The Federal government has achieved what it set out to do. It has stopped the flow to Australia of boats filled with asylum seekers. To achieve this goal the government has turned boats around, put people into high-tech life rafts and sent them back to Indonesia, and those it has been unable to send back it has incarcerated in the most degrading of conditions on Nauru and Christmas Island. The recently departed head of International Health and Medical Services, the organisation the government appointed to oversee health care in detention facilities, this week described the treatment of detainees on Manus and Nauru as “torture”.  The aim? To send a very clear message to would-be asylum seekers that Australia is not a place they should seek to go.

This is all justified by the claim that it is necessary to prevent deaths at sea. In a kind of Orwellian logic we recognise it is cruel but argue it is the kindest thing we can do, that it is better to implement harsh measures of deterrence than it is to tolerate children drowning at sea.

The problem is, the claim is hollow. Stopping the boats coming to Australia will not stop people drowning at sea. The journey of a refugee is hazardous from the outset. For example, Hazara’s coming from South Asia, where their lives are under threat, typically fly to Malaysia, and from there take their a boat or a plane to Indonesia, then set out from Indonesia in a boat to Australia. In both Indonesia and Malaysia life is difficult. Without work rights, welfare, access to the health system, and the ever present threat of incarceration, they subsist in poverty and danger. So what will they do now the route to Australia is shut? They will still flee persecution in Afghanistan & Pakistan, but now they will be forced to journey somewhere else. That journey will inevitably involve being smuggled into countries, perhaps in a sealed compartment in a truck, perhaps via a leaky boat to somewhere else. But one thing is certain, people who are facing extreme persecution in their home country will still flee, and as long as the international community doesn’t provide a viable solution they will still be at the mercy of people smugglers, many of whom are unscrupulous.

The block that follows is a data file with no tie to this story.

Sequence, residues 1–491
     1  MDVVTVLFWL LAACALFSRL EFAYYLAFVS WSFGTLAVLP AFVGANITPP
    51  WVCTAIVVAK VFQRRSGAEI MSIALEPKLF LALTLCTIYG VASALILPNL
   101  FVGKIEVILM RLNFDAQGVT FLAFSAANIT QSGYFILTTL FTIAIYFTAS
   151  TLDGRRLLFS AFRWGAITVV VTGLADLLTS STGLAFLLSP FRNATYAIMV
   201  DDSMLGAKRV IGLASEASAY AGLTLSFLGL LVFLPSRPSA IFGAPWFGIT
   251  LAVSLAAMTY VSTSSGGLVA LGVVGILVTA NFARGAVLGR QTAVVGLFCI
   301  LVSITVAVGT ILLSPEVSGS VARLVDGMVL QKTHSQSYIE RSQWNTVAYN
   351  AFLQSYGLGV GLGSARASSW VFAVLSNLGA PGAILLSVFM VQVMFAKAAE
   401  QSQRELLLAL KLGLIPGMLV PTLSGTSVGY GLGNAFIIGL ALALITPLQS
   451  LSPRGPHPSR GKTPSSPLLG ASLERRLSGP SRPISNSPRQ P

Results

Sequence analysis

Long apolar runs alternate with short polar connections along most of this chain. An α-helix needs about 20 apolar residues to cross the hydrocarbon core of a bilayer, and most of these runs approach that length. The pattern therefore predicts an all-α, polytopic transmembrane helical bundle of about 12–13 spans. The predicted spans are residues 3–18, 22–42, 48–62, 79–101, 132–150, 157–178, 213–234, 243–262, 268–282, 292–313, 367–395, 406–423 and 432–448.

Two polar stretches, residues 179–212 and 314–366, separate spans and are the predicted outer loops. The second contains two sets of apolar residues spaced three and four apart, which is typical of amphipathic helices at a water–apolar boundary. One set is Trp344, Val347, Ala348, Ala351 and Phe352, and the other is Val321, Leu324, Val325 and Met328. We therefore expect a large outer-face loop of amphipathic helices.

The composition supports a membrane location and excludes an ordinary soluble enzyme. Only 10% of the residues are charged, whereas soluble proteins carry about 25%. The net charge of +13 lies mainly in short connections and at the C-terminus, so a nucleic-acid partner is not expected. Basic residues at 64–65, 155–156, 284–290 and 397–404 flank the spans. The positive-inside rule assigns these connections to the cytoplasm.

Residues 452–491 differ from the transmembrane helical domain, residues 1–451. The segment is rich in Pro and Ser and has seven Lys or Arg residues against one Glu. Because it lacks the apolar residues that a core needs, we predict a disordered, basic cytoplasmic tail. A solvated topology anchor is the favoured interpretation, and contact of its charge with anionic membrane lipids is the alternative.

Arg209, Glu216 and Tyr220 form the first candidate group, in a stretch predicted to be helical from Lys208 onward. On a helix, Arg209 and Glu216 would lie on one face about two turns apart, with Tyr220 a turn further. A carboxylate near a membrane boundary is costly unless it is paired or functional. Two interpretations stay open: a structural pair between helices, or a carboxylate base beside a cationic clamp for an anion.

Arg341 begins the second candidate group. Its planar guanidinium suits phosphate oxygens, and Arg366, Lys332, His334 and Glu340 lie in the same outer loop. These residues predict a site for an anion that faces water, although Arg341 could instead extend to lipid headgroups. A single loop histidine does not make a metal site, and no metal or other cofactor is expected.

So stopping the flow of boats to Australia won’t stop deaths of asylum seekers, it will just export them somewhere else.

The only way to stop the deaths is to address the immediate problem, which is the need to provide safety for people fleeing persecution. The United Nations High Commission on Refugees each year has a list of around eight hundred thousand refugees who need to be resettled in a safe country. Yet the twenty-seven nations with resettlement programs, of which Australia is one, take only eighty thousand per year. Nine out of ten will not receive a resettlement offer, and may face years, even decades waiting for a place. Those for whom there is no safety cannot wait that long, and so they board leaky boats and stuffy trucks. And this is the situation once they have been assessed to be refugees. Many wait years even to have their claim to be a refugee assessed.

So there is an answer. Affluent nations need to resettle more refugees. Between them, the thirty most developed nations in the world could quite comfortably take eight hundred thousand refugees per year. If this was apportioned on the basis of population size, it would mean each of these nations adding to their population size by 0.07% per year. For Australia that would mean taking an additional ten thousand refugees a year. If we did this no one would board a leaky boat or a stuffy truck.

While we work towards such a global solution, we could implement it on a regional basis. This would see us work with the governments of Indonesia and possibly Malaysia to establish speedy processing of asylum claims of those who arrived in those countries, and then guaranteeing to take those found to be refugees.  For the same amount that we currently spent on offshore and onshore detention, back of the envelope calculations suggest we could take 50,000 to 60,000 refugees a year and still come out with change in our pocket

So please, no more of the rhetoric that we have to be cruel to be kind, that stopping boats is the only way to stop the deaths. It might ease our conscience over the fact that, in the words of the psychiatrist who was head of medical service provision for the detention centres, we are torturing people, but it will not stem the flow of dangerous journeys and the deaths that inevitably accompany them. Please, no more wrapping the violation of human rights in a coat of compassion. Stopping the boats coming to Australia is simply a way of exporting the deaths to other parts of the world. If we really want to stop deaths at sea we need a serious solution, not the inhumane and cruel system we currently employ.

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